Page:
The mountaineering community lost one of its living legends last night when Italian climber Walter Bonatti passed away at the age of 81. He is best remembered for pioneering new routes in the Alps, Patagonia and the Himalaya.
Among Bonatti’s more famous accomplishments were the solo winter ascent of the Matterhorn’s North Face and first ascents on the Southwest Pillar of Aiguille du Dru and the Grand Capucin. Other notable climbs include Gasherbrum IV, Rondoy North, and multiple summits of the Grandes Jorasses.
Bonatti played a pivotal role in the first ascent of K2 as well, although it took decades for him to get the recognition he deserved. Working in support of Lino Lacedelli and Achille Compagnoni, Bonatti helped establish and stock the high camps on the mountain in preparation for the eventual summit bid.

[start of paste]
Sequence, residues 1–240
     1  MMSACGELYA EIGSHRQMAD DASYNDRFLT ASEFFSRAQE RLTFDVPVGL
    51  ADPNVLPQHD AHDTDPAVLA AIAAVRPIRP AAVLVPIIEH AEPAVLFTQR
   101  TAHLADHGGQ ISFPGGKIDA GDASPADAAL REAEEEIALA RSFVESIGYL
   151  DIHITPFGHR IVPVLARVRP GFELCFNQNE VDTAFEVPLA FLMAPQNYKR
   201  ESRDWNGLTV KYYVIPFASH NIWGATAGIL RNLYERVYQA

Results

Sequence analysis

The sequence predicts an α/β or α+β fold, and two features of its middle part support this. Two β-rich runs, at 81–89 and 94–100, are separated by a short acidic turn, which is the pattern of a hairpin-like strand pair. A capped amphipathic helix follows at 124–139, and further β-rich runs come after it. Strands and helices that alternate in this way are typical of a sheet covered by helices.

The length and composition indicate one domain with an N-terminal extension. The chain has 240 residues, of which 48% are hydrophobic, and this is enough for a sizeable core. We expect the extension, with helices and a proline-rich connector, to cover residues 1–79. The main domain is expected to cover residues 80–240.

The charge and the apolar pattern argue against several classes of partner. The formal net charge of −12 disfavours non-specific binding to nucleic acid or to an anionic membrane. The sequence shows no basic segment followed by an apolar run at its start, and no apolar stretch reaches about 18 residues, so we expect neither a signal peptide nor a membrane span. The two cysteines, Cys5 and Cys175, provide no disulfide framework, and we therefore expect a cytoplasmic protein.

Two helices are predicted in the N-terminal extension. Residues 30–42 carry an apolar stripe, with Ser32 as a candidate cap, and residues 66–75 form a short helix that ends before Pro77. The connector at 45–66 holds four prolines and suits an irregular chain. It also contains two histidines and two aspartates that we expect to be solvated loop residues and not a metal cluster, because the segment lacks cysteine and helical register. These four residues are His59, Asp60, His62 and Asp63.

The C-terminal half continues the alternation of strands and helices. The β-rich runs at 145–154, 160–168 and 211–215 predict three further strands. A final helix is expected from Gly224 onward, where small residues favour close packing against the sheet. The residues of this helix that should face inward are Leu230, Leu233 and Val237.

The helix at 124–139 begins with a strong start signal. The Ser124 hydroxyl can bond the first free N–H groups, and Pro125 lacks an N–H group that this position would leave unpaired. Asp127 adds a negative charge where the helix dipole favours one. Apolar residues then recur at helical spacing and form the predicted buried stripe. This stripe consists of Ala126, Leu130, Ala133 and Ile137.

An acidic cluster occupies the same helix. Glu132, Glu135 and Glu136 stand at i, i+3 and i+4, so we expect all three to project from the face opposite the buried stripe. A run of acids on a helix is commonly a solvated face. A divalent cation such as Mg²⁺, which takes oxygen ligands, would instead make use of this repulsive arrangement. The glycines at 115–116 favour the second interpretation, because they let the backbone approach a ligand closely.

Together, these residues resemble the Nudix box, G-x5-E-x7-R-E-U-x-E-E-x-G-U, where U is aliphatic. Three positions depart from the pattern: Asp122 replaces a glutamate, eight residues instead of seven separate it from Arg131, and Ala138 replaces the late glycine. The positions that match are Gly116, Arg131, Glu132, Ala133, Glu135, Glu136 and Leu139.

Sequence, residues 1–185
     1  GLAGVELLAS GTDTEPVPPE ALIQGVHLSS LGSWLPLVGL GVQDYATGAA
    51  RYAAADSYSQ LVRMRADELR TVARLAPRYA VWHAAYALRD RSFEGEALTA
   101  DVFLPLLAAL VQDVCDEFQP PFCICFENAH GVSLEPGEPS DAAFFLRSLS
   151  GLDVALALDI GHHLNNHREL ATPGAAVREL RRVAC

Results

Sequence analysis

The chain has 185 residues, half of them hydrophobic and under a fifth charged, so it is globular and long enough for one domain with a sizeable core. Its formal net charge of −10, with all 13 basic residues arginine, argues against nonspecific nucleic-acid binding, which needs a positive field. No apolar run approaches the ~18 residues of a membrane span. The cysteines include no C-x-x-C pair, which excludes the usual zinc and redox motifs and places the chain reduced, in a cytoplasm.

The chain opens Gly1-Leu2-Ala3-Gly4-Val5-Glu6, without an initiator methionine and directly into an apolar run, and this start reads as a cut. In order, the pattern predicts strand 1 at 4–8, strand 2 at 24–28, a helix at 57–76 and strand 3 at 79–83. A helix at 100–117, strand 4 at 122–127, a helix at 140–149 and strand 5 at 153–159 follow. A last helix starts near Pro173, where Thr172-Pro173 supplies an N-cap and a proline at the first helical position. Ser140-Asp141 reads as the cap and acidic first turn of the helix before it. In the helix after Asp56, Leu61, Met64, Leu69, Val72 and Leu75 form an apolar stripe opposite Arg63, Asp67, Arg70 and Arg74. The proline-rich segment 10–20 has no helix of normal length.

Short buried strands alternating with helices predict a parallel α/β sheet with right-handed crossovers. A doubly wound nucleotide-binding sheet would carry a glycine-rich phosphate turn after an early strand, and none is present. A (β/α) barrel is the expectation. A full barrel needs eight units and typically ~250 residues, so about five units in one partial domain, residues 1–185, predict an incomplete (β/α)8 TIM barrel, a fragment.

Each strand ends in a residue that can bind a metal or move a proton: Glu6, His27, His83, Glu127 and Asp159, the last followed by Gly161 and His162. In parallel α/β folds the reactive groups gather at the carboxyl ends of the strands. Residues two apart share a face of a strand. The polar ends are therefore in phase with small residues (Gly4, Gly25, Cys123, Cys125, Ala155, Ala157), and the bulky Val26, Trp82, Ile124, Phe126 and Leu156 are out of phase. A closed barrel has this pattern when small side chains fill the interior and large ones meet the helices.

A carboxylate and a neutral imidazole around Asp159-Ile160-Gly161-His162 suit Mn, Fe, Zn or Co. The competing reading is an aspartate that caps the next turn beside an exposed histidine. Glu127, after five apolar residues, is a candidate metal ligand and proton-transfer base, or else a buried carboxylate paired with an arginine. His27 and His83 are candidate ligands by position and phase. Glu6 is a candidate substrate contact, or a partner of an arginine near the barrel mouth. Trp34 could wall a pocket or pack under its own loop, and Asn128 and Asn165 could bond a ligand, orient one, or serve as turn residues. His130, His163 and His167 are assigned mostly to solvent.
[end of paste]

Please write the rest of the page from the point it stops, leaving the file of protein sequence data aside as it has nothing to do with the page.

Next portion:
On that successful attemp, Lacedelli and Compagnoni ran out of oxygen and accused Bonatti of using it while he was at Camp IX, an accusation that Bonatti vehemently denied, as he didn’t even have a regulator or oxygen mask with him at that point of the climb. That expedition took place in 1954 and it took until 2008 for Bonatti to be officially cleared of the accusations and get the credit he deserved.
An active, daring, and visionary climber, Bonatti wrote numerous books on mountaineering and inspired a generation of climbers that followed him. He quietly passed away in Rome leaving his widow Rossana Podesta behind.
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